RUSSIAN WARPLANES WRITE OFF KYRGYZSTAN’S DEBTS
Izvestia, December 6, 2002, p. 2 EV
President Vladimir Putin arrived in Bishkek yesterday – to show support for President Askar Akaev of Kyrgyzstan and assess the progress made on building a Russian airfield. Putin was expected to visit the Kant airfield, but he decided to limit himself to hearing a report from Defense Minister Sergei Ivanov, who had inspected the facility.
Officially, the airfield is a joint project for all member nations of the CIS Collective Security Treaty. In reality, it is a Russian project.
Presidents Putin and Akaev discussed details of the use of the Kant airfield. The main points – the number of planes to be stationed there, and payment terms – have been agreed upon and are known; however, the agreements specifying all the details are only likely to be signed next spring. Moscow will pay for using the airfield, but payment is likely to take the form of writing off some of Kyrgyzstan’s debts. Around $150 million – not much, from Russia’s perspective, but quite significant for Kyrgyzstan, with its billion-dollar foreign debt and declining economy. It is believed that around two-thirds of Kyrgyzstan’s debts to Russia will be written off in exchange for the use of the Kant airfield.
The Kant airfield is only 30 kilometers from an American base at Manas.
Ivan Safranchuk, director of the Moscow office of the International Defense Information Center: “At first, the Defense Ministry was greatly concerned about the Americans showing up within Russia’s traditional influence zone. However, it has subsequently become clear that although the Americans will be there for a long time, they will not stay forever.”
CHECHNYA VETERANS BANKRUPTING THE INTERIOR MINISTRY
Izvestia, December 6, 2002, p. 3 EV
Legal action taken by police troops after their tours of duty in Chechnya is threatening to bankrupt those who sent them there – regional directorates of the Interior Ministry. The Interior Ministry has been slow in paying out combat pay; large numbers of police troops are turning to the courts; the courts are ruling in their favor; and regional branches of the federal Treasury are withdrawing the corresponding sums from the bank accounts of the Interior Ministry’s regional directorates. As a result, other police troops in many Russian regions – those who haven’t served in Chechnya – are experiencing wage payment backlogs running into several months.
In the Novgorod region, the number of lawsuits filed by Chechnya veterans against the Interior Ministry recently exceeded 500. The region’s courts have already issued decisions in their favor to the tune of over 31 million rubles.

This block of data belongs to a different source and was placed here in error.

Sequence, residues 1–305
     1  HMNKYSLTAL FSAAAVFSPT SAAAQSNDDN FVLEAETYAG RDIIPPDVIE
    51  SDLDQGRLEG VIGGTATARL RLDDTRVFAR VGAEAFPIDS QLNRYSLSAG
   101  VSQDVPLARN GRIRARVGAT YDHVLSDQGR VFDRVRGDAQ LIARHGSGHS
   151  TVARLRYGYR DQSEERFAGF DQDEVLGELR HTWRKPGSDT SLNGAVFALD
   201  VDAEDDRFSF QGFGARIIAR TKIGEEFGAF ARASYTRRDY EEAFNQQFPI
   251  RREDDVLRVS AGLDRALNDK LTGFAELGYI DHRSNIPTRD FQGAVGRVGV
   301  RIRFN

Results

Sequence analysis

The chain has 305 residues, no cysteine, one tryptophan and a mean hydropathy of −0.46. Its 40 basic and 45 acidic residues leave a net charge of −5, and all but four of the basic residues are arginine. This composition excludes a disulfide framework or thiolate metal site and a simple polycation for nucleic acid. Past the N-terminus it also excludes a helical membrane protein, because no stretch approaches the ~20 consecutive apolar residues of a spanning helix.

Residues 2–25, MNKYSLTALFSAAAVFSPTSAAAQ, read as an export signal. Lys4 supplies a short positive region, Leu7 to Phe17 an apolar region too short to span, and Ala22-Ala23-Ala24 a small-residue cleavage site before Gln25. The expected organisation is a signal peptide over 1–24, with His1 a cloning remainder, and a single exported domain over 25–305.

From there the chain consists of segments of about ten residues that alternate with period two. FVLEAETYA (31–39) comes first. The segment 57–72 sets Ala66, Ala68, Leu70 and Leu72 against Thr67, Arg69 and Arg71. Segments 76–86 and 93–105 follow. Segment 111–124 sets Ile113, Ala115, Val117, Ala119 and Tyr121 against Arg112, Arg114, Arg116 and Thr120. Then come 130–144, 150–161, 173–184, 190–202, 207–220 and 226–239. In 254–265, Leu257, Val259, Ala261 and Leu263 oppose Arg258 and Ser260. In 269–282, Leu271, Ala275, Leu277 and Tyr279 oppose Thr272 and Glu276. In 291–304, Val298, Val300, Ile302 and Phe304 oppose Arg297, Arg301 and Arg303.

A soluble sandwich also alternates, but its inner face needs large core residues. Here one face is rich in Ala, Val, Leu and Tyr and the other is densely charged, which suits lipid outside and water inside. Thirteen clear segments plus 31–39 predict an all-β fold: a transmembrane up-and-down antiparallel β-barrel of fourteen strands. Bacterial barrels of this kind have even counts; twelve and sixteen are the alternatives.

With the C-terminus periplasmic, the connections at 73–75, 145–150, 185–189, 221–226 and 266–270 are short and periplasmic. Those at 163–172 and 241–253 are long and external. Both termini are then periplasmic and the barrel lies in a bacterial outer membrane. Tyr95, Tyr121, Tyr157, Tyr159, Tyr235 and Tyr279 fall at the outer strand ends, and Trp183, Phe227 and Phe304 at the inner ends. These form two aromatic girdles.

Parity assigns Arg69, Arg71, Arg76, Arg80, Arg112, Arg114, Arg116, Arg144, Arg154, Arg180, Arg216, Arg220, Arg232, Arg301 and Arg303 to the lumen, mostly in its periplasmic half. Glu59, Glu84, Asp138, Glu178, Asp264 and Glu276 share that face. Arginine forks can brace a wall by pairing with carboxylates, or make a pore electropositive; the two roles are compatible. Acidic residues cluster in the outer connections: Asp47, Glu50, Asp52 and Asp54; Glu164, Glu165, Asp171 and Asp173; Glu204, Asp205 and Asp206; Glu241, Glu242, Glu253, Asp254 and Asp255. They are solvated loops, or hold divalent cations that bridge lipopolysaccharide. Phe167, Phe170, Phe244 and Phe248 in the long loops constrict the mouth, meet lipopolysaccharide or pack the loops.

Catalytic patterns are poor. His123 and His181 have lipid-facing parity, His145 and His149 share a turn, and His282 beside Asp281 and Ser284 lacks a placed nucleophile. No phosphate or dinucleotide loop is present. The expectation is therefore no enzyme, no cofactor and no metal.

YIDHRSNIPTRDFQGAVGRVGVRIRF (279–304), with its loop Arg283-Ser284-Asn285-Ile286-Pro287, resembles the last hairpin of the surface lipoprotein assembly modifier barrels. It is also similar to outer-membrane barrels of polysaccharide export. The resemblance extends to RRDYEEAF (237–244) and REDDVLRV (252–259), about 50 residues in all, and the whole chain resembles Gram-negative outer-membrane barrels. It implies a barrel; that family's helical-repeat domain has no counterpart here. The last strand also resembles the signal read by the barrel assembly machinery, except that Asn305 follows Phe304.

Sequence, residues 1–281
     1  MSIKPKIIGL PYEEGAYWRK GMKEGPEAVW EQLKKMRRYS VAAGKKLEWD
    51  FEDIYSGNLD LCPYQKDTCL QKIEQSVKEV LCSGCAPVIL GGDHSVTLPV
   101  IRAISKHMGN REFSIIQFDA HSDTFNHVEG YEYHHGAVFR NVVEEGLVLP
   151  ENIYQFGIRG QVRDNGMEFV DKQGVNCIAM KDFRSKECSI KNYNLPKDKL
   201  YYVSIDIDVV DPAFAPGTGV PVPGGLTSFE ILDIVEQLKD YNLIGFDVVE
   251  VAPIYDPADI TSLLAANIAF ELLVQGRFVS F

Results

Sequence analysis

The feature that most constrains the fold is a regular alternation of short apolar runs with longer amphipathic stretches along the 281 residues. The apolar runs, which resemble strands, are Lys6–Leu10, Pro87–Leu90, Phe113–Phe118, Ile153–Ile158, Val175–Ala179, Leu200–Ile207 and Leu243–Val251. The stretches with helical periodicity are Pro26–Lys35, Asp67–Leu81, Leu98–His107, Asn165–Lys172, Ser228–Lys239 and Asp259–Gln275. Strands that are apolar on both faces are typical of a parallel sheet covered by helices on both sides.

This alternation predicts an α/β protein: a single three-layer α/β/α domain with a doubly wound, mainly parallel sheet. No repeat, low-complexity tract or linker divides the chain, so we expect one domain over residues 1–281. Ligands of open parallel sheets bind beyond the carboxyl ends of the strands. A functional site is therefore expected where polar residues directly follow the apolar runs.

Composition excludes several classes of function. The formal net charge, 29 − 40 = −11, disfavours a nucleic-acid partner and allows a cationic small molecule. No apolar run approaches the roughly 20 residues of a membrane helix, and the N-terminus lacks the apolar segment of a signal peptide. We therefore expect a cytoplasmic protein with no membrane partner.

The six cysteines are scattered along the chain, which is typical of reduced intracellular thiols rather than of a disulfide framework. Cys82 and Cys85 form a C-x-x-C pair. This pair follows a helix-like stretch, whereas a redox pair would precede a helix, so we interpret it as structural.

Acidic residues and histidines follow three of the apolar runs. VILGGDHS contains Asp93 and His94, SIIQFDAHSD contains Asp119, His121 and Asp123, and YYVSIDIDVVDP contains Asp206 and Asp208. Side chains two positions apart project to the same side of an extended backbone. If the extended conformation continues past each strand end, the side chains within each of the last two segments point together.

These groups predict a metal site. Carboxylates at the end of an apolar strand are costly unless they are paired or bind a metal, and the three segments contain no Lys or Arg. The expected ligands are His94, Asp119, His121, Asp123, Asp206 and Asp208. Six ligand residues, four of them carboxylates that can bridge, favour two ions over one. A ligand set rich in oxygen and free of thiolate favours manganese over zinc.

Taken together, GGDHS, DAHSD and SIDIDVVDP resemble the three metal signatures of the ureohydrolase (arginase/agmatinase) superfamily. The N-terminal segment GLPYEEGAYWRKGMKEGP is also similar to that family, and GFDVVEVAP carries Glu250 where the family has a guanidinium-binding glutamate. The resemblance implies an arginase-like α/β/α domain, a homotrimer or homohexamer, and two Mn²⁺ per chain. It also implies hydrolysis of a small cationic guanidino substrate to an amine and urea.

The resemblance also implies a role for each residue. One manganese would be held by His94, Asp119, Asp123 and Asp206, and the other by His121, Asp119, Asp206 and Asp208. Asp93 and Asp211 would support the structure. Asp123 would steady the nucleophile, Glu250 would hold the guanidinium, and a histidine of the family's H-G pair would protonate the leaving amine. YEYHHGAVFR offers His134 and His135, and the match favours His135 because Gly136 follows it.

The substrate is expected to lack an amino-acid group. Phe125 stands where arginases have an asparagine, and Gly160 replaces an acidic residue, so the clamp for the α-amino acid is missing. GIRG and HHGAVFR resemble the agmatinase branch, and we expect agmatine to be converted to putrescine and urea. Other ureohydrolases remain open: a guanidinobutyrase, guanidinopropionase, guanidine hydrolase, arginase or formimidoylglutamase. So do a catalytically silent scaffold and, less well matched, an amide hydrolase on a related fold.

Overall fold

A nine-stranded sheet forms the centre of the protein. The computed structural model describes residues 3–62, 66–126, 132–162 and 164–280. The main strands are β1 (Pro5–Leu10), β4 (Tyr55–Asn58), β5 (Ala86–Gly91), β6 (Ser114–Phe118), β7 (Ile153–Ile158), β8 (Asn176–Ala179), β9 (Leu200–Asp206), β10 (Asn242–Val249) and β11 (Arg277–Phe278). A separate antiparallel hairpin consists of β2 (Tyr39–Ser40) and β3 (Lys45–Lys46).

Sergei Chernei, head of the education and personnel directorate at the Interior Ministry in the Novosibirsk region: “As at October 1, 2002, 470 lawsuits filed by Interior Ministry personnel who have served in Chechnya had been considered. Their total value is almost 15 million rubles.”
Rossiiskaya Gazeta, December 6, 2002, EV
Denmark’s refusal of Russia’s request for the extradition of Akhmed Zakaev, emissary of Aslan Maskhadov, has drawn a strong response around the world.
Sergei Fridinsky, deputy prosecutor general for the Southern federal district, explained Russia’s stand on the matter yesterday: the Prosecutor General’s Office can see no legal foundation for Denmark’s refusal to extradite Akhmed Zakaev.
According to Fridinsky, Denmark “failed to understand how the witnesses could know of the circumstances involved”. Fridinsky says that in order to understand this, it is necessary to study the documents relating to the case carefully.
Fridinsky: “I don’t know what further evidence is required, when you have a person stating that his fingers were shot off by Zakaev himself.”
And Denmark was presented with plenty of such materials detailing the criminal activities of Zakaev – around 200 pages.
According to Fridinsky, the Prosecutor General’s Office intends to seek Zakaev’s extradition, wherever he may be. Fridinsky said that Zakaev is still wanted, and the international warrant for his arrest is still outstanding; he added that more and more evidence is coming in against Zakaev.